We can all learn some important lessons from cereal

I was shopping in the grocery store the other day when I saw something that made me stop faster than the free sample booth.

I was minding my own business in the cereal aisle and thought it was just another ordinary day. Suddenly, though, everything changed when I discovered that the grocery store now has boxes of Lucky Charms Frosted Flakes. It’s all in one cereal!

cereal“This is amazing,” I thought to myself. “The makers of these two tremendous cereals have gotten together in order to help all of humanity. If Frosted Flakes and Lucky Charms can work together, then maybe we can all learn an important lesson about cooperation and unity. I hope they notice this in Washington, D.C.”

After wiping away a few tears, I proudly bought the cereal, took it home and showed it to the family, expecting to be congratulated for another intelligent purchase.

They were whelmed, to say the least. Not over or under, just whelmed, because they were moderately impressed but didn’t know what to think.

“They combined it into one cereal?” one child asked.

“Will that be any good?” another questioned.

“Did you remember to buy milk?” my wife asked.

I responded that I thought it would be awesome, and then ignored the final question because I had, in fact, forgotten to purchase milk.

I was convinced that this cereal would be magical, so I took a sandwich bag full of it to work the next day. I have enjoyed snacking on Frosted Flakes at work before, as well as Lucky Charms, and I thought it would be nice to snack on them at the same time.

When I tried them the next day, though, I was certainly not overjoyed with the taste. In fact, I would say I was underjoyed.

While Frosted Flakes and Lucky Charms may be delicious by themselves, they just don’t seem to work well together. It’s like that with a lot of things in life; just because you love one item and another, that doesn’t mean you will enjoy them even more together.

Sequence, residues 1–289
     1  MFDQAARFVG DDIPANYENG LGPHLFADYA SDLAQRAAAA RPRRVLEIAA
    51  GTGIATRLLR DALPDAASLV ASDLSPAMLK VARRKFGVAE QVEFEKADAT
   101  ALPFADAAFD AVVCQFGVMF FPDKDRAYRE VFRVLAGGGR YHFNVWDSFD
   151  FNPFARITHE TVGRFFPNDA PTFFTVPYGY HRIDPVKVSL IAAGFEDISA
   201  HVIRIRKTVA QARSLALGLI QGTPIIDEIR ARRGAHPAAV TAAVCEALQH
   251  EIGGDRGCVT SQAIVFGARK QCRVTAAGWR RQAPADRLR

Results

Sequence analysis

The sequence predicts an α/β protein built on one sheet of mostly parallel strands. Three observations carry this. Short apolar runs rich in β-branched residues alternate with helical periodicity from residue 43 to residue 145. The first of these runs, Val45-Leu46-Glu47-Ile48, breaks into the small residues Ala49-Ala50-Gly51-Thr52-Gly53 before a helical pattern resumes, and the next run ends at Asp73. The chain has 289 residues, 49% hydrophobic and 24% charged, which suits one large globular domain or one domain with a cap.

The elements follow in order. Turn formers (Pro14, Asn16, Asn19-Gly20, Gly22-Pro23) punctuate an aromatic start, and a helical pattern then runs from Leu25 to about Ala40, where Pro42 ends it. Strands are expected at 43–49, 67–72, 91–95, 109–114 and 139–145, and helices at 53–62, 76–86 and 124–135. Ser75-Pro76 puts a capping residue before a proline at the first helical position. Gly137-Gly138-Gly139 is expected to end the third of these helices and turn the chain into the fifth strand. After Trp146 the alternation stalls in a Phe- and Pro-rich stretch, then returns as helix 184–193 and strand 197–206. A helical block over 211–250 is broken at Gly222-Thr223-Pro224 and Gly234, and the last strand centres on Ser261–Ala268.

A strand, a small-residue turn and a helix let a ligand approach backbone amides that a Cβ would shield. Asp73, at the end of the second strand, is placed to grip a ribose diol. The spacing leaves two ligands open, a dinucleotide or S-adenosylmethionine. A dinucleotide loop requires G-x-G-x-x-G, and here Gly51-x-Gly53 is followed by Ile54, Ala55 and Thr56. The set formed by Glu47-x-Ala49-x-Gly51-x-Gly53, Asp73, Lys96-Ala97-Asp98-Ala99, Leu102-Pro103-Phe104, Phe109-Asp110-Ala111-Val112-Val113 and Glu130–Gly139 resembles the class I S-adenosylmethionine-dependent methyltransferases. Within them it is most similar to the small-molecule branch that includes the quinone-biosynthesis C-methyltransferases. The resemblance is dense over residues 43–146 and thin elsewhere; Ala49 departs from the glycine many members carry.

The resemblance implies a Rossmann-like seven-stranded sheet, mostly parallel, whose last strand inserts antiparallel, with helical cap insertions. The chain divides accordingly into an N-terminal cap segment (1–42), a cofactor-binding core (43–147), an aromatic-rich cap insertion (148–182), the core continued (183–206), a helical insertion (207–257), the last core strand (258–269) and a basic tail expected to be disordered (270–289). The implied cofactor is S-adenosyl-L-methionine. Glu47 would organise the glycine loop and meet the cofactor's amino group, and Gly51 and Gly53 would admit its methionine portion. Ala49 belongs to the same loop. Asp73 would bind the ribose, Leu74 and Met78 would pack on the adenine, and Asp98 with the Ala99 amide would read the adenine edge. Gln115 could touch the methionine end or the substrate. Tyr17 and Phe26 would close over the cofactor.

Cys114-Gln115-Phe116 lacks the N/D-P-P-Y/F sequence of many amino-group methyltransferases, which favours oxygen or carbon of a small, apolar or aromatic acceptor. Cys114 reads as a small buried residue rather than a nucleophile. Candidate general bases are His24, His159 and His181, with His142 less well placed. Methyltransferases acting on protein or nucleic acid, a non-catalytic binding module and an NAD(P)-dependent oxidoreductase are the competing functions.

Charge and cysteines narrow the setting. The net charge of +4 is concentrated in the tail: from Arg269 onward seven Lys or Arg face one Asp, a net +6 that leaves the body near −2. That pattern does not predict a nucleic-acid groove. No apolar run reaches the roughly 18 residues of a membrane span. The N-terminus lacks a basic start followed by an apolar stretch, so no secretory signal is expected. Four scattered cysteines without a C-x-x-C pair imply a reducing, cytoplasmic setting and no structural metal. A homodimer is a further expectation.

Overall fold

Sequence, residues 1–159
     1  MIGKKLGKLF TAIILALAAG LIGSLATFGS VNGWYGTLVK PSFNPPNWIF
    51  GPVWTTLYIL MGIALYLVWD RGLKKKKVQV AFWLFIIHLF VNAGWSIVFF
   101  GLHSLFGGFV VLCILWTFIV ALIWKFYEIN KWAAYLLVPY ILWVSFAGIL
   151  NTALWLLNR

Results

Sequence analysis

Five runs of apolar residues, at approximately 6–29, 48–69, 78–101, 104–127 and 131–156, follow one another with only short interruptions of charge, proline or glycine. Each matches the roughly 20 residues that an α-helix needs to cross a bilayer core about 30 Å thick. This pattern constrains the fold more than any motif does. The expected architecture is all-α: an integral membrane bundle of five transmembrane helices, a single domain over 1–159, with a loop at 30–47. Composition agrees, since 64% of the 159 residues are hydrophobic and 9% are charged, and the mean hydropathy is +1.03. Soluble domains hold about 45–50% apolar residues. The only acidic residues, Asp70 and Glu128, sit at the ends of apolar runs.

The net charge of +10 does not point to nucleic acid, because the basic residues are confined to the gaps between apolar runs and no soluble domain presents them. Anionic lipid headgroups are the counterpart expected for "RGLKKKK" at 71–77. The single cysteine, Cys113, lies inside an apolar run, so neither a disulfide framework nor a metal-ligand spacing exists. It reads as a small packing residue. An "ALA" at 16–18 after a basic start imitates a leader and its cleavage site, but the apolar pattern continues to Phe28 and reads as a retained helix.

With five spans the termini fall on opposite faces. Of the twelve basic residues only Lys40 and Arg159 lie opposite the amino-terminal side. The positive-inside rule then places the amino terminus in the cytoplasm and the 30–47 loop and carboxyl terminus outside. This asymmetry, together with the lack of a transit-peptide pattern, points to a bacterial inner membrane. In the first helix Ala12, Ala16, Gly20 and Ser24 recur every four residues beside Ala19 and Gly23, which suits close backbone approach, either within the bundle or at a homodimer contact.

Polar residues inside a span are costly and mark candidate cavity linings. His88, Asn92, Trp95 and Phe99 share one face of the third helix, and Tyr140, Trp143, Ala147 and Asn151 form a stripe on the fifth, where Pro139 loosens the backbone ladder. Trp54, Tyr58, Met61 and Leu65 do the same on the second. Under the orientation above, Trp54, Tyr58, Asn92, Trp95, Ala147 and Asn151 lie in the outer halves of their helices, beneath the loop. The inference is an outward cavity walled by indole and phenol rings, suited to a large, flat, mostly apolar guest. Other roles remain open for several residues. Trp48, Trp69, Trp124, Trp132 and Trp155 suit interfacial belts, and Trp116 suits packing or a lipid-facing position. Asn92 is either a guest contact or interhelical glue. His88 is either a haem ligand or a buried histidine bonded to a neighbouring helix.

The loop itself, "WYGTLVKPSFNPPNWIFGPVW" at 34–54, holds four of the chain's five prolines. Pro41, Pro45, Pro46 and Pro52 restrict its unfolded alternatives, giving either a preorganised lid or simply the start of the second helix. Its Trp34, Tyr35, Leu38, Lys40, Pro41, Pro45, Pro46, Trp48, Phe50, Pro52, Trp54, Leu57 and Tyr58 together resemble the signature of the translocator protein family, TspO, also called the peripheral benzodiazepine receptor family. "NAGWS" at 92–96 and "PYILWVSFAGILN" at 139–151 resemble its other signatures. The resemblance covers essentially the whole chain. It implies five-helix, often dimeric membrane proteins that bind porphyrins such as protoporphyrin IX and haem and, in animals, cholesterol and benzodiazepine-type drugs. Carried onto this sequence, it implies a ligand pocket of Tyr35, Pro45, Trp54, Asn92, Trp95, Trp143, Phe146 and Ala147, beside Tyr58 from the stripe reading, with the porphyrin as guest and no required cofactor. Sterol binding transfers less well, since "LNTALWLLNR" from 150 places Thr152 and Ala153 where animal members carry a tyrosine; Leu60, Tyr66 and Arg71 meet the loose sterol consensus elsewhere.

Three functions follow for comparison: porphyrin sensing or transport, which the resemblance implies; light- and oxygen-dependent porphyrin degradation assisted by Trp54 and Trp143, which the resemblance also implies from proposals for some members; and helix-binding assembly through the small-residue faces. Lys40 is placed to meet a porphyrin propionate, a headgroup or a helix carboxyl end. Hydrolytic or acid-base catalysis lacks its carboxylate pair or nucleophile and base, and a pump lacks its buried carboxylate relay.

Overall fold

For example, think of peanut butter and ranch dressing. Alone, they are great and they even make other foods better. If you combine them, though, it’s a disaster.

Or what about Transformers and the Knights of the Roundtable? They are two fun ideas, but together they made a terrible movie in 2017.

I thought a lot about cereal that day (it wasn’t my most productive day at work) and realized that we can learn a lot of important lessons from these breakfast and snack items.

For example, as Lucky Charms teaches us, it’s important to remember the unsung heroes in life who often make the stars look so amazing.

In the box of Lucky Charms, those unsung heroes are the boring pieces that aren’t marshmallows. No one really likes them, but if they aren’t there, suddenly the marshmallows don’t seem so special.

When I was eating my Lucky Charms Frosted Flakes, I actually missed those boring pieces, because the Frosted Flakes and marshmallows combination is just too sweet for me.

In the world outside of the cereal aisle, it’s the same way. You have stars and people who command attention in entertainment, at work and in other aspects of your day, but you also need the behind the scenes people who make the marshmallow people seem so special. Without those people, the marshmallow people aren’t so wonderful.

Here are a few more important lessons from cereal:

  • You can’t judge a book by its cover – The cereal aisle has numerous types of raisin bran cereals that look alike, but it is crucial to remember that they are all very different. Humans are a lot like those cereals, as we are all basically just raisins and bran (I realize that “scientists” may dispute this). Somehow, though, the raisins and bran are blended differently for each of us. This coalescence between raisins and bran creates a unique synergy for each of us, and that is what makes each one of us special and also makes raisin bran so delicious.